The Central Body for Reception of Asylum Seekers (COA) is about to collapse, reports NRC on the basis of its own research. In Ter Apel, where the largest asylum seekers center in the country is located, almost one in three employees has dropped out, the COA confirms to the newspaper.
At other locations of the reception organization, many people also drop out above average. Throughout the Netherlands, according to NRC, absenteeism is 9 percent, almost twice as high as the national absenteeism average.
Furthermore, the COA is facing a significant staff shortage. More than a thousand vacancies must be filled before the end of the year, on top of the more than 4,000 people who already work for the COA.
“Under the Human Measure”
A spokesperson confirms to the newspaper that the COA raised the alarm to the Secretary of State almost a year ago. The letter from the COA summit would have read that the shelter “threatened to fall below the human dimension”, “for both residents and employees”.
In recent weeks, hundreds of asylum seekers slept outside the application center for asylum seekers in Ter Apel, partly due to a shortage of beds. When 250 to 300 asylum seekers had to sleep outside one night earlier this month, the COA spoke of the highest number in years. VluchtelingenWerk Nederland called it a “sad low”.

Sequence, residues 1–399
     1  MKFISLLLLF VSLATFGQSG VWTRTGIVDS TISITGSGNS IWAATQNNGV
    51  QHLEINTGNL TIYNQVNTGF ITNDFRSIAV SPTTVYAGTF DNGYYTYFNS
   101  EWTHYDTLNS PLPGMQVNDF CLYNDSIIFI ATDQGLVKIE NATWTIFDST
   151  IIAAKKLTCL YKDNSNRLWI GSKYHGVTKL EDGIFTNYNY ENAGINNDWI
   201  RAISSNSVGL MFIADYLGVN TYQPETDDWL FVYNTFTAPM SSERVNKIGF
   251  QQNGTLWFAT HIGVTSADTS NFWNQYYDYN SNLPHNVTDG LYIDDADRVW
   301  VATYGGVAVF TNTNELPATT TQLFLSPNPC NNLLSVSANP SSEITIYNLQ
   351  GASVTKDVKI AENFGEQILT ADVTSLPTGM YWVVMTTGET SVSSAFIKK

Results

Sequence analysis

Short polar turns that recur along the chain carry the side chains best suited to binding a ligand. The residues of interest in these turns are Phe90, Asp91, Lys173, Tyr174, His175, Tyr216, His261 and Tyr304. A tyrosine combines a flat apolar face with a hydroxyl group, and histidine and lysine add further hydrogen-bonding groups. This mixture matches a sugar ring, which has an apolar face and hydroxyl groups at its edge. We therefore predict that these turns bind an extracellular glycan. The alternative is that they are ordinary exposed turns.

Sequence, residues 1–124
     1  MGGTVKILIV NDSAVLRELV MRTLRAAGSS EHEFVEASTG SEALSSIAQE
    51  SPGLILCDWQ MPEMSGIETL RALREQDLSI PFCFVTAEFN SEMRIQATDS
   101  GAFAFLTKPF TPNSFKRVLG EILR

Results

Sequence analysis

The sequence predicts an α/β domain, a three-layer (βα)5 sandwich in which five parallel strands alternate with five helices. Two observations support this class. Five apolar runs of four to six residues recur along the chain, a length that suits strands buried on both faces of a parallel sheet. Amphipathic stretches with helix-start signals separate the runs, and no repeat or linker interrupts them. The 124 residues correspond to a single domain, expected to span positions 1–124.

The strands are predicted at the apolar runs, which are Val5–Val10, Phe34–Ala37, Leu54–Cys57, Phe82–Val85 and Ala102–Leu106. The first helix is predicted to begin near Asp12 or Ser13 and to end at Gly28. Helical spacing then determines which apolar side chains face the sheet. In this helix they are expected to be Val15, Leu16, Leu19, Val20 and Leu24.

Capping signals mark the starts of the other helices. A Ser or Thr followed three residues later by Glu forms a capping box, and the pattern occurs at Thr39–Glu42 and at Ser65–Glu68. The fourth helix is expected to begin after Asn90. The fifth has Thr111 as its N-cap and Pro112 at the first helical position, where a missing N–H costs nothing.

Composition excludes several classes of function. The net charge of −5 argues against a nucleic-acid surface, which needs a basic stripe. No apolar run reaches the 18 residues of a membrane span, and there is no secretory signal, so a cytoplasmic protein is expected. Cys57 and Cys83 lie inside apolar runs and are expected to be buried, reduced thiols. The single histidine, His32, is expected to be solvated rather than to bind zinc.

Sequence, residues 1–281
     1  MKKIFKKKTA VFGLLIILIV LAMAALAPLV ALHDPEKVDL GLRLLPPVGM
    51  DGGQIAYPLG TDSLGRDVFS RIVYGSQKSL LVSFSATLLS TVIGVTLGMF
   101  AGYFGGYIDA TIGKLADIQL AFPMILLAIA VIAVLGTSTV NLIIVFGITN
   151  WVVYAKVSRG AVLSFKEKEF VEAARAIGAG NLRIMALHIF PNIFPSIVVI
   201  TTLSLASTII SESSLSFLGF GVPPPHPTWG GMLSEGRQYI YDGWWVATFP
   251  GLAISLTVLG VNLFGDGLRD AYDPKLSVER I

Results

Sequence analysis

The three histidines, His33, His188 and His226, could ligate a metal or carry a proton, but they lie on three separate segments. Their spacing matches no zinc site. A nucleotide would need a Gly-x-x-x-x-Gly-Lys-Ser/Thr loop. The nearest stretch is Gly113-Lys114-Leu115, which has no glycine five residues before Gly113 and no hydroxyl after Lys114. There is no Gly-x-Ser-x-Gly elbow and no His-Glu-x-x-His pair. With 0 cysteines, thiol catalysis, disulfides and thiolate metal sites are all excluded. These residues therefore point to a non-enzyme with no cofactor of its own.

The reception organization now acknowledges to the newspaper that it is no longer possible to meet the legal task, namely to receive asylum seekers “in a humanitarian way”. Due to working under high pressure and the long working days, the COA no longer sees a solution to the situation.
The COA is now hosting 43,000 people and there must be 51,000 shelters by the end of the year. These are not for Ukrainian refugees, as they are taken care of by municipalities. For Ukrainians, there are still around 4,000 shelters, also because municipalities do not want to receive refugees from other countries.
The newspaper also cites the large backlogs at immigration service IND as a cause of the problems. As a result, asylum seekers stay in asylum centers for months and sometimes years longer. Also, they often cannot leave if their asylum request is granted, partly because municipalities make fewer houses available than agreed.
In this video, CCEit on 3 explains how the problems in asylum reception arose: